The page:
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The gay man who changed my life
by David Farside
May 22, 2012 | 759 views | 0 0 comments | 6 6 recommendations | email to a friend | print
One quality of youth is the feeling that we can do anything and everything. As age sets in, we realize just how fragile life really is. We also recognize milestones in our lives that are sometimes taken for granted during the course of our everyday race towards infinity. Unlike graduating from college, marriage, children and family, life-changing events can be subtle and unexplainable.

One of the most important hours in my life was on a summer day in 1955 when I answered a help-wanted ad in the local newspaper. The call and the man on the other end of the phone changed my life forever.

Romance consumed my eighteenth year of life. Putting education on a back burner, marriage and having a family were my new goals. I had no job, no job skills and no idea what I was I going to do. Being physically challenged, I could barely walk. Who would hire me and give me a chance to live a “normal” life?

The first thing I did was check the help wanted pages in the newspaper. After the first hour of calling would-be employers, “no” seemed to be the word for the day. Then I read the ad for an experienced nighttime billing clerk at NY & NB Auto Express. I didn’t know what a billing clerk did but something told me to dial the number anyway. A man answered the phone and asked me what experience I had. I told him what my situation was and that I was just looking for a job. He laughed and said he did need a filing clerk and asked if I could do the work. “Of course,” I replied. “I can do anything if I’m given a chance. And if I can’t, Ill be the first one to tell you.” He said if I was there at five that afternoon, I had a job. WOW!! I couldn’t believe it. Neither did my father. He told me not to get too excited and hope for the best.

The freight office was noisy. Dispatchers, truck drivers and dock workers all seemed to have their own work agenda except for one man. He sat quietly in a chair and staring at me he said, “You must be David, I’m Joe Thac.” We went to his office and after the interview, I was hired.

Joe Thac was a 40-year-old gay man and he was proud of it. The macho men on the dock called him “the prince.” He didn’t care. He did his job, earned his pay and enjoyed an extravagant private life of his own. He was an intelligent, sensitive, creative, kind, honest and compassionate man. We became good friends. Joe gave me a chance to learn job skills in the transportation business that allowed me to earn a good living, support a family and have that “normal” life I dreamed about.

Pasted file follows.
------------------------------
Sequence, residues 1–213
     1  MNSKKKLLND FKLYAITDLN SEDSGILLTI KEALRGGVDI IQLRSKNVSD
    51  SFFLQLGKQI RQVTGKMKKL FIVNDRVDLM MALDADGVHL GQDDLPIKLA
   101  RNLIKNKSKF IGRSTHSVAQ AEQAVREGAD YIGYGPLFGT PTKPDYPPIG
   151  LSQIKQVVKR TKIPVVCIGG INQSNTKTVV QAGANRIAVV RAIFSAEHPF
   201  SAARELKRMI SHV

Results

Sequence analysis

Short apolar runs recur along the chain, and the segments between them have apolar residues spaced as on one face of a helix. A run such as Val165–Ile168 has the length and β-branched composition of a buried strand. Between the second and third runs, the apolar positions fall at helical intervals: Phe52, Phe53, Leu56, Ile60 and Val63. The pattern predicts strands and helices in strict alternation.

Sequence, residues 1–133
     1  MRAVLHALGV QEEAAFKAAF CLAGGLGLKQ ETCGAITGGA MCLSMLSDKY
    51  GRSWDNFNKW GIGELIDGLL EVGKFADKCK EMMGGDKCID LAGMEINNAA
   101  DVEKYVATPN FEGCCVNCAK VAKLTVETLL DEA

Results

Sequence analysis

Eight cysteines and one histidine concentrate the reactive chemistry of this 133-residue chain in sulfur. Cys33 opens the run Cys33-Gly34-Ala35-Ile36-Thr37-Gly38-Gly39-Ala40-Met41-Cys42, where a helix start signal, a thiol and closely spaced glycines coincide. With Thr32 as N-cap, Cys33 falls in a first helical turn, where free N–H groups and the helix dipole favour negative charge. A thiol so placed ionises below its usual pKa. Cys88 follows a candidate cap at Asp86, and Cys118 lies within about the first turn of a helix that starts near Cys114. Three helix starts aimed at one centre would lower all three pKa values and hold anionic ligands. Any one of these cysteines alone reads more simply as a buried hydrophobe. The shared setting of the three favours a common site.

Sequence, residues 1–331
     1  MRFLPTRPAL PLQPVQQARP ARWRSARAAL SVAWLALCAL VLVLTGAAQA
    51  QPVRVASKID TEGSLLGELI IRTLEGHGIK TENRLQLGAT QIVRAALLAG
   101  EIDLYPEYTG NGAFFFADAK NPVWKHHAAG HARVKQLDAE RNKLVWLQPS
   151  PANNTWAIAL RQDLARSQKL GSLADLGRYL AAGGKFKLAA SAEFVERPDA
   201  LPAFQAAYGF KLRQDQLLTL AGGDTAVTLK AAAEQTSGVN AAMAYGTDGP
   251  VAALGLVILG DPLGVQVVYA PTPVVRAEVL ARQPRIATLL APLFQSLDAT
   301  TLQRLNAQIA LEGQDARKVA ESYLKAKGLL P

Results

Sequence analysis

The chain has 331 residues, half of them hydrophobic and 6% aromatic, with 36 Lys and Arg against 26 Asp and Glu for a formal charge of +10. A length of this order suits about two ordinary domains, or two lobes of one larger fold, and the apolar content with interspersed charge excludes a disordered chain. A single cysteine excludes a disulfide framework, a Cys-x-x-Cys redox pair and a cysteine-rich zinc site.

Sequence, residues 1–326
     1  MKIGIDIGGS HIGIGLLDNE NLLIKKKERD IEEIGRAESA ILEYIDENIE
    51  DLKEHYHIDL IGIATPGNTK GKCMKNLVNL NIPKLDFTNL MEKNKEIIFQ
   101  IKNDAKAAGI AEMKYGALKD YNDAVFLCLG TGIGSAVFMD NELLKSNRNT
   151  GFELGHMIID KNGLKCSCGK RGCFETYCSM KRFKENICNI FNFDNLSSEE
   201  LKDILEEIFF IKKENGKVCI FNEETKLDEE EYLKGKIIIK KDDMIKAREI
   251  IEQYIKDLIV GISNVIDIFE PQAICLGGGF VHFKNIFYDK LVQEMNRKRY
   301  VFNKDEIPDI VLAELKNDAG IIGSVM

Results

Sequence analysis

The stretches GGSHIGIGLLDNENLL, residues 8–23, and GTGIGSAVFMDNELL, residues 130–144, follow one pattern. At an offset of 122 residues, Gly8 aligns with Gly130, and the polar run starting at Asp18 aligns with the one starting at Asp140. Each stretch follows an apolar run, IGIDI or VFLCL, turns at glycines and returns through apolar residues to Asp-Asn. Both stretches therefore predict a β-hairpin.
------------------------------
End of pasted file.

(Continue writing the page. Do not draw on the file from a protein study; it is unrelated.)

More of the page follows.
After President Obama announced his support of same-sex marriage the “straight” world of Republicans and a slim majority of black folks jumped from their pulpits of political theocracy to the news media with their god’s version of marriage. You know — incest within god’s original family of Adam and Eve is acceptable to propagate the human race but same-sex marriage doesn’t fit within the paradigms of god’s purpose because no offspring of god’s creation will result from it.

The black community is showing its real hypocritical color on this issue. For more than 200 years they have suffered from discrimination because of their skin color and their minority standing in society. They cried out for freedom, justice, liberty, tolerance and the opportunity to be treated equally. Dr. Martin Luther King had a dream for social justice. He prayed for all people of color and persuasion to come together and live like brothers and sisters in their pursuit of happiness. Now his people are free and they want to bind the minority of gays and lesbian to their own discriminatory, intolerant Christian moral values denying them their collective and individual pursuit of happiness. What kind of personal and social freedom for a minority population is that?

In all the years I knew Joe Thac, he never crossed the line of sexual innuendo. While most married men at work went to bars, chased the hookers on the streets and gambled their paychecks playing poker, Joe was faithful to his live-in friend of 15 years, Earl. Today, they would want to fulfill their dream of marrying each other. What a fitting milestone for the gay man who fulfilled my dreams and changed my life.

David Farside is a Sparks resident and political activist. He can be contacted at
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